Review: 'Harry Potter and the Goblet of Fire' by J.K. Rowling

The summer holidays are dragging on and Harry Potter can't wait for the start of the school year. It is his fourth year at Hogwarts School of Witchcraft and Wizardry and there are spells to be learnt and (unluckily) Potions and Divination lessons to be attended. But Harry can't know that the atmosphere is darkening around him, and his worst enemy is preparing a fate that it seems will be inescapable...

As I opened my oft-read, yellowed and rather battered hardback copy of Harry Potter and the Goblet of Fire I felt a thrill of excitement. As testified by its well-read condition (the corners are dog-eared, and the cover is held together with liberal amounts of sticky tape) this was one of my favourite books as a teenager. In fact, the only book I liked better back then was Harry Potter and the Order of the Phoenix. So it was with much excitement – and some trepidation – that I returned to it now. Would it be as good as I remembered? Or would it disappoint me like its predecessor, Harry Potter and the Prisoner of Azkaban?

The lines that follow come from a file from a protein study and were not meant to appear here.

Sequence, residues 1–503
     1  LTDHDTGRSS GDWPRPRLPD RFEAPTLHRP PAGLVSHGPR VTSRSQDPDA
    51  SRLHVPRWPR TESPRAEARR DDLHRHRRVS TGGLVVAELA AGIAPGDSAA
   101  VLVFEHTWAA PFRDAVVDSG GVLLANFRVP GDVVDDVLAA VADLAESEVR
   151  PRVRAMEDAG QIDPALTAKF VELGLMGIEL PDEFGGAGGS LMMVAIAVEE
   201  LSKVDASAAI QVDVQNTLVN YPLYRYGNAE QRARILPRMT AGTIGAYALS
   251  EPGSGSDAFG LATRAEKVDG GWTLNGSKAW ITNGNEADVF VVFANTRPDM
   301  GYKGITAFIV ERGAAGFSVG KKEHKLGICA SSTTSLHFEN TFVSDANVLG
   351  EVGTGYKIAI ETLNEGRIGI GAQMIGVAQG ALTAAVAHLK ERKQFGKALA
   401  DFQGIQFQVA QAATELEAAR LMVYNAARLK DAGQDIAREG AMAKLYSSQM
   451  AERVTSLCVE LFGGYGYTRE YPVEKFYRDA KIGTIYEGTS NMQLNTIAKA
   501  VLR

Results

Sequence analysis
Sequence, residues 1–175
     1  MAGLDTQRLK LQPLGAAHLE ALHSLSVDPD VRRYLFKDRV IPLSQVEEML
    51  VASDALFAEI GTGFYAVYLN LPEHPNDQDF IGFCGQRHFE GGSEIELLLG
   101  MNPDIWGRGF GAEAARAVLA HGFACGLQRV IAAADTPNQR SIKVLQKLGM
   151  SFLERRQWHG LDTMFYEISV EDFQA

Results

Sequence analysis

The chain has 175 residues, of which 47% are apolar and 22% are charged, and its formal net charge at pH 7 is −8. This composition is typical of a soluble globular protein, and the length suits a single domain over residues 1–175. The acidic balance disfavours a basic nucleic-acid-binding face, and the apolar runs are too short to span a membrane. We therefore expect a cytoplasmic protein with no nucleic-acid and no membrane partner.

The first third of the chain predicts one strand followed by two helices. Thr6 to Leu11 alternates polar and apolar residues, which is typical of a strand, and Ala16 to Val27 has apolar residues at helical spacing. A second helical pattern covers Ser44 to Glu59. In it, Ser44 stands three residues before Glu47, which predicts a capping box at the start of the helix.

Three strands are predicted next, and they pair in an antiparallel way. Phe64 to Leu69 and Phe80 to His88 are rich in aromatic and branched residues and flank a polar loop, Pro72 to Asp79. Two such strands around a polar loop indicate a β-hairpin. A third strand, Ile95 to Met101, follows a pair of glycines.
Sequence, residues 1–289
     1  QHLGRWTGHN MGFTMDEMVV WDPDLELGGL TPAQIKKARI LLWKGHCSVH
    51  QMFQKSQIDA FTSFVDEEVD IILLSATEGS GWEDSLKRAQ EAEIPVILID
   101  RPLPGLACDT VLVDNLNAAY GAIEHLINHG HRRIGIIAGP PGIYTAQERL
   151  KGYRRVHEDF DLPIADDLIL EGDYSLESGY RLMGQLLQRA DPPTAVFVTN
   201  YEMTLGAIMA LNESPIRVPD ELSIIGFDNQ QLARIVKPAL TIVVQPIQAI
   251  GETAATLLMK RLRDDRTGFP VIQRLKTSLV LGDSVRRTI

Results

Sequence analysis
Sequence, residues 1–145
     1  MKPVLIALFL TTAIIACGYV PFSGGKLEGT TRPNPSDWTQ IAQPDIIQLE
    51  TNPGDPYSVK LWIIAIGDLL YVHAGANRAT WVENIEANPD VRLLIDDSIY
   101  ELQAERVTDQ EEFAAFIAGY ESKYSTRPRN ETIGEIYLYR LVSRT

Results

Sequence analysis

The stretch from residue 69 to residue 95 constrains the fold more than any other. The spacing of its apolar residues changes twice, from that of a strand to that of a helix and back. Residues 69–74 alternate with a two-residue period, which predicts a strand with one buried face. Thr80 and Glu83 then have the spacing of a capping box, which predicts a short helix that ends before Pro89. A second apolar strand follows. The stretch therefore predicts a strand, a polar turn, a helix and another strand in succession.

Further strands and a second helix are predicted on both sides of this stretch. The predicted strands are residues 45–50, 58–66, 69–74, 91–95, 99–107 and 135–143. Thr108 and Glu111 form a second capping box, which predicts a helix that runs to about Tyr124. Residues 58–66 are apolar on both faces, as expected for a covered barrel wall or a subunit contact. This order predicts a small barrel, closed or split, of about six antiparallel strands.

Reading Goblet of Fire felt like sinking down into a cosy and long-forgotten armchair, one that is loved for its familiarly threadbare exterior as much as for its comfort. From the first page until the very last I was enveloped in nostalgia, and charmed anew by the easy prose and lightly humorous tone that suffuses so much of this entire series. Furthermore, Goblet of Fire is the first Potter book to really start to explore social issues like class and racism (it’s been so long since I read the book I’d almost totally forgotten about S.P.E.W!), and also to introduce lots of new characters and concepts. After reading Prisoner of Azkaban I realised that that the series was beginning to feel kind of stale – after all, how much can you really do with just classrooms and Quidditch? – but this is remedied in Goblet of Fire, which is simply packed with tons of new stuff: foreign wizards, new students, exciting events, and more. From the very first chapter it feels different from the previous books: the Quidditch World Cup is not only fun to read about but also grants us an extended change of scenery from the usual Privet Drive/Hogwarts fare. The pacing is also new and different, with the Triwizard tasks providing exciting mini-climaxes at key points in the story. The whole book just feels fresh, yet also much more mature than each of the previous instalments.